Ray’s abstract cover designs for Arts & Architecture magazine signified the Los Angeles-based magazine’s commitment to avant-garde art, architecture, music, and film. Ray’s cover design is one of many of the Eames iconic designs of the 20th century. Their pioneering use of new materials and technologies, notably plywood and plastics, transformed the way Americans furnished their homes, introducing functional, affordable, and often highly sculptural objects and furnishings to many middle-class Americans.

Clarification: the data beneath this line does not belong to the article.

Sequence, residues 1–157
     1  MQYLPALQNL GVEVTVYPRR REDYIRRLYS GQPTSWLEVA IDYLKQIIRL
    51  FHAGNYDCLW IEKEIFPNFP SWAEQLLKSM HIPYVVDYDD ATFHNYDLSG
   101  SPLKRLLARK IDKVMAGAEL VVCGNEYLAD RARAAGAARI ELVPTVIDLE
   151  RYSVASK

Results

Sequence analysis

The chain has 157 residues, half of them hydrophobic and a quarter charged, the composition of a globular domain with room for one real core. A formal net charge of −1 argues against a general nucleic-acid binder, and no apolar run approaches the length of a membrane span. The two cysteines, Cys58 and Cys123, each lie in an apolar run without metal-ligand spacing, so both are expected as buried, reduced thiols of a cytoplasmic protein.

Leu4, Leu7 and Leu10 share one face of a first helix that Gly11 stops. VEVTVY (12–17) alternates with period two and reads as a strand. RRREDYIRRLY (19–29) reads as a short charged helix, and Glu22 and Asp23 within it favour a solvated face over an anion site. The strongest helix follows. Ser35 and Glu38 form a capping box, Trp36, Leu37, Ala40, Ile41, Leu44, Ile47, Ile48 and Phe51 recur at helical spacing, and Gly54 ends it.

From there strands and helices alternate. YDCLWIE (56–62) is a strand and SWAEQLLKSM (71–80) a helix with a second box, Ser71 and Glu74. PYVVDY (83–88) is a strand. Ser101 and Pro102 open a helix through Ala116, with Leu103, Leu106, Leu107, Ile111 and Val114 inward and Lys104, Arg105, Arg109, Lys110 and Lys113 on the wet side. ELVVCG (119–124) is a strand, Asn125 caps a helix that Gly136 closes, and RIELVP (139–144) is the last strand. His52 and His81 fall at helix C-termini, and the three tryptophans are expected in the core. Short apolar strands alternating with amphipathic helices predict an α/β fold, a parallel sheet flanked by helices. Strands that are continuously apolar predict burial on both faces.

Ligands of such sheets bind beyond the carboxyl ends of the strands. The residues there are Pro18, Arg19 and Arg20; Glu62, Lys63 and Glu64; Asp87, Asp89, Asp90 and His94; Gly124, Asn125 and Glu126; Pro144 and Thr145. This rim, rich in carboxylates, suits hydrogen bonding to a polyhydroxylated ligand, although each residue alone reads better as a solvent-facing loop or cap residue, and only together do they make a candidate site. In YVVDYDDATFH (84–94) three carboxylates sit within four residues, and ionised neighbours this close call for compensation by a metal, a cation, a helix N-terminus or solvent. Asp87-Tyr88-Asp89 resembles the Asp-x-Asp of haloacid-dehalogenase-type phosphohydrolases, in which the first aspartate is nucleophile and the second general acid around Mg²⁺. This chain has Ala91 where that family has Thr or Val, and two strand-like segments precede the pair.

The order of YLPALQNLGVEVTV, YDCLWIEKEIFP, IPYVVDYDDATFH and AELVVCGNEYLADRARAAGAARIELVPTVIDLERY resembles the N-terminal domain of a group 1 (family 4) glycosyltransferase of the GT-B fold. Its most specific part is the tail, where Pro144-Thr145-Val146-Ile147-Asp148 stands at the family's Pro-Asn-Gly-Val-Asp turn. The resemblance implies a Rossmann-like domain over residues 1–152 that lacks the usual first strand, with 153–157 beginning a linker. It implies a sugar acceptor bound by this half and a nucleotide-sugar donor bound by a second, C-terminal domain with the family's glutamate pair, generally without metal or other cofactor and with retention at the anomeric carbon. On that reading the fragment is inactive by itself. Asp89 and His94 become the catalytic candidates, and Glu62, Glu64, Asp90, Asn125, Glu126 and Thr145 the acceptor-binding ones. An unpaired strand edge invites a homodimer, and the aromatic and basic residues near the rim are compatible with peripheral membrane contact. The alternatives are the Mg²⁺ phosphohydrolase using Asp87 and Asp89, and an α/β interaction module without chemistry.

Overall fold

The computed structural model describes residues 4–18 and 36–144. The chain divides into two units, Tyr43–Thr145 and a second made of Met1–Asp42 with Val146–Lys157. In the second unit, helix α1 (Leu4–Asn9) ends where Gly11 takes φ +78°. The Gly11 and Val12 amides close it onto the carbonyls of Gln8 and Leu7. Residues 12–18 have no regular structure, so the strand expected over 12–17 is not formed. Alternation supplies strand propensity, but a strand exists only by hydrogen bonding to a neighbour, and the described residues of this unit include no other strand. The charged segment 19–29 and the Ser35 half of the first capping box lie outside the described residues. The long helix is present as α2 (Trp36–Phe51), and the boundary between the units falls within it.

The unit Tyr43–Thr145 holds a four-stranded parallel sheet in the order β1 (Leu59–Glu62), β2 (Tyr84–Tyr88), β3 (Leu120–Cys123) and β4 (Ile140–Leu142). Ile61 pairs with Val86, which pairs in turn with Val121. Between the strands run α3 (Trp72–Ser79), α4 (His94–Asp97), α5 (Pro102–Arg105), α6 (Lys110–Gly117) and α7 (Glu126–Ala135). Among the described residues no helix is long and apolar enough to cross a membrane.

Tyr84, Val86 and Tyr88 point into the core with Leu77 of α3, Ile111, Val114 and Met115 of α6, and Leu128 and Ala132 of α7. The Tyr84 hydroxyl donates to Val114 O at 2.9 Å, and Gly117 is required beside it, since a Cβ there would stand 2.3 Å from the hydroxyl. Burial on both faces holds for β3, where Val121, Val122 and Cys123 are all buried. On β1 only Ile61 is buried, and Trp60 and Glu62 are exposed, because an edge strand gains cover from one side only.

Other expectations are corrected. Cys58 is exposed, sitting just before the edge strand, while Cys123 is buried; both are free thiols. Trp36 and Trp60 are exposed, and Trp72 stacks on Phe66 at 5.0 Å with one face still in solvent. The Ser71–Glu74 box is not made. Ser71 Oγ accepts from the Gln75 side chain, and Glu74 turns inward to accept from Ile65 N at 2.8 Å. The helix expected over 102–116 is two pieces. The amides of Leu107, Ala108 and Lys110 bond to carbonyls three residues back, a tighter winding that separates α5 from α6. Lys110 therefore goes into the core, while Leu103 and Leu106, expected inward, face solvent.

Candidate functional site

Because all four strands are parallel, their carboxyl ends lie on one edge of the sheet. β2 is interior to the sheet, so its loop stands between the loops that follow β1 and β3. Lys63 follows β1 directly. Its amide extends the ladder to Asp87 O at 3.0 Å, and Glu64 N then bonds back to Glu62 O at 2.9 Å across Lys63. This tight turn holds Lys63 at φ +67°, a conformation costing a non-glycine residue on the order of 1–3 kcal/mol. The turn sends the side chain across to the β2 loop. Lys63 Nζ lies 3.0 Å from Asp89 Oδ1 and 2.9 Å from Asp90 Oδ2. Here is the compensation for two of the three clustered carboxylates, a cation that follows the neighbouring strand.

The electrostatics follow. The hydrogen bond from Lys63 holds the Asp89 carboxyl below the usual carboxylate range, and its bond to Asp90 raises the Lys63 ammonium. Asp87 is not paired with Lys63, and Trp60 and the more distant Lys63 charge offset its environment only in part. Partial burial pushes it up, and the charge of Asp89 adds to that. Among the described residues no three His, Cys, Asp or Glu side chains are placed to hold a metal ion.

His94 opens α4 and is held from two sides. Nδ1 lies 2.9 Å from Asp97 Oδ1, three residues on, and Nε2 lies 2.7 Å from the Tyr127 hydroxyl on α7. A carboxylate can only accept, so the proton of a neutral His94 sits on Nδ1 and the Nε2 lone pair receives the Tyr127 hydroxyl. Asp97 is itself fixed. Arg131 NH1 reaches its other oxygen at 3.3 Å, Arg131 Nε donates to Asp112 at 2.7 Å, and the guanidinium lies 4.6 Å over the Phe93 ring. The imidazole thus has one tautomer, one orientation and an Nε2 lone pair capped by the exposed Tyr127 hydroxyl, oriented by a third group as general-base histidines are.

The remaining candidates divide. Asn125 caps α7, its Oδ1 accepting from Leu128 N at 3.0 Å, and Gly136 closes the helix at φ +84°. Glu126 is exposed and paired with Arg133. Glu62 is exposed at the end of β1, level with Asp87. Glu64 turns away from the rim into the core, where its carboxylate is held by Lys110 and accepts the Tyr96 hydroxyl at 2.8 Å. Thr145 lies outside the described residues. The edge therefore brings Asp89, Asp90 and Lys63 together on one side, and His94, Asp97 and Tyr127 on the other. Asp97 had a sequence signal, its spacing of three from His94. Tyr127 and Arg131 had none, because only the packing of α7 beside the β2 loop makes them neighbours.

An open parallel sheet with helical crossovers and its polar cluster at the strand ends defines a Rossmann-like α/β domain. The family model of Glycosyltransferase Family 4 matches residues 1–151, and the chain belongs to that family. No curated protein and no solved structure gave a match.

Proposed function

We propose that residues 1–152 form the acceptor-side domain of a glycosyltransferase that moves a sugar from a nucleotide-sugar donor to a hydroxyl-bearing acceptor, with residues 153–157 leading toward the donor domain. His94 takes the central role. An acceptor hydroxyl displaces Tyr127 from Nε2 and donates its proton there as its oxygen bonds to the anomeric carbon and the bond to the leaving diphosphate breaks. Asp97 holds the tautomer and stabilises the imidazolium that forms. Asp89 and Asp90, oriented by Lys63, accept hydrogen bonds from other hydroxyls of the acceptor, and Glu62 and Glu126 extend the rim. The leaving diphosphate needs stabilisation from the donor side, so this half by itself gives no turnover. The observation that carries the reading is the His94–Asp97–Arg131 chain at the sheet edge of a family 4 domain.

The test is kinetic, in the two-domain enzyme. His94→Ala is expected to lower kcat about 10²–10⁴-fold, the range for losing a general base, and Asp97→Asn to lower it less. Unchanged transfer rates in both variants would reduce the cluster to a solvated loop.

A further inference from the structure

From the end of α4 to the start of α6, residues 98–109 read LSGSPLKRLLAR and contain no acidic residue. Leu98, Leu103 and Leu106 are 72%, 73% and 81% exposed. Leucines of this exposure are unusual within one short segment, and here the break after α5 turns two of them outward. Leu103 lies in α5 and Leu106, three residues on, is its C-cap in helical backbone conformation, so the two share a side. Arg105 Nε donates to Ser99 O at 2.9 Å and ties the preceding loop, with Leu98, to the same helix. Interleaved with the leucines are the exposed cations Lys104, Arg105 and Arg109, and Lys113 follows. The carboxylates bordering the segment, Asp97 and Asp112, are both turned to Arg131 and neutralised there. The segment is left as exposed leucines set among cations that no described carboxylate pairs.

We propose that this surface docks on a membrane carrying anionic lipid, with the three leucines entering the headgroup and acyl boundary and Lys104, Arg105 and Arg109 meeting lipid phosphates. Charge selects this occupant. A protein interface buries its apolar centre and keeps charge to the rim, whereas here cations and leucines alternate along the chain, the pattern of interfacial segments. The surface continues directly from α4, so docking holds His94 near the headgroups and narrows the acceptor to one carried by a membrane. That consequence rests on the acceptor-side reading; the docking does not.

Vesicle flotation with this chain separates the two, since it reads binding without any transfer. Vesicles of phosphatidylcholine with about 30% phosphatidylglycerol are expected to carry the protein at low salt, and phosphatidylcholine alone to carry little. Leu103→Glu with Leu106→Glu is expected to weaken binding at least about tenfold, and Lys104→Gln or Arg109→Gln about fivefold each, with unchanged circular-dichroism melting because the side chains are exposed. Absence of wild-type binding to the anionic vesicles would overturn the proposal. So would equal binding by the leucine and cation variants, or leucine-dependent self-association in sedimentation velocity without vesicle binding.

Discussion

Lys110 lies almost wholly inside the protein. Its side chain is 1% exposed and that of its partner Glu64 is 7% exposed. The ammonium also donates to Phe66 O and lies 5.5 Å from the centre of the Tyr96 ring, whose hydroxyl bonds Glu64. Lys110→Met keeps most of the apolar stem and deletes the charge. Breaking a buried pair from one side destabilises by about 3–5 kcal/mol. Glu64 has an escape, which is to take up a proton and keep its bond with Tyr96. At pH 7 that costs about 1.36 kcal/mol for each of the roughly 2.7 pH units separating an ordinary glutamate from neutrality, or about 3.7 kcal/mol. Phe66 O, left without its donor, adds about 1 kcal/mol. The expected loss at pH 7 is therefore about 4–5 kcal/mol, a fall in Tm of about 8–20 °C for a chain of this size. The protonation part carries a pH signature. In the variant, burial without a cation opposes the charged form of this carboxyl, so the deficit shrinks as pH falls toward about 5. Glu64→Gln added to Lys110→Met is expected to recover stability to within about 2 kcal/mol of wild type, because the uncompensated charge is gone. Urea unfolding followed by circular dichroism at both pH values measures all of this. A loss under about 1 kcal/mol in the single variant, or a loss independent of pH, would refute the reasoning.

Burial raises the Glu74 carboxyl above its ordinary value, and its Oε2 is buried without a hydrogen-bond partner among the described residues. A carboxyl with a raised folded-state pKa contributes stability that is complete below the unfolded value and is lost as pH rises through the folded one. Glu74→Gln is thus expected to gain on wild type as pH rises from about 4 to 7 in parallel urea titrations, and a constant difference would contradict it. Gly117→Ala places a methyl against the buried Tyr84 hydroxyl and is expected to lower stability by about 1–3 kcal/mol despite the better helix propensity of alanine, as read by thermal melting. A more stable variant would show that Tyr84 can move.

Charles Eames (1907–78) and Ray Eames (1912–88) gave shape to America’s twentieth century. Their lives and work represented the nation’s defining movements: the West Coast’s coming-of-age, the economy’s shift from making goods to producing information, and the global expansion of American culture. The Eameses embraced the era’s visionary concept of modern design as an agent of social change, elevating it to a national agenda. Their evolution from furniture designers to cultural ambassadors demonstrated their boundless talents and the overlap of their interests with those of their country. In a rare era of shared objectives, the Eameses partnered with the federal government and the country’s top businesses to lead the charge to modernize postwar America.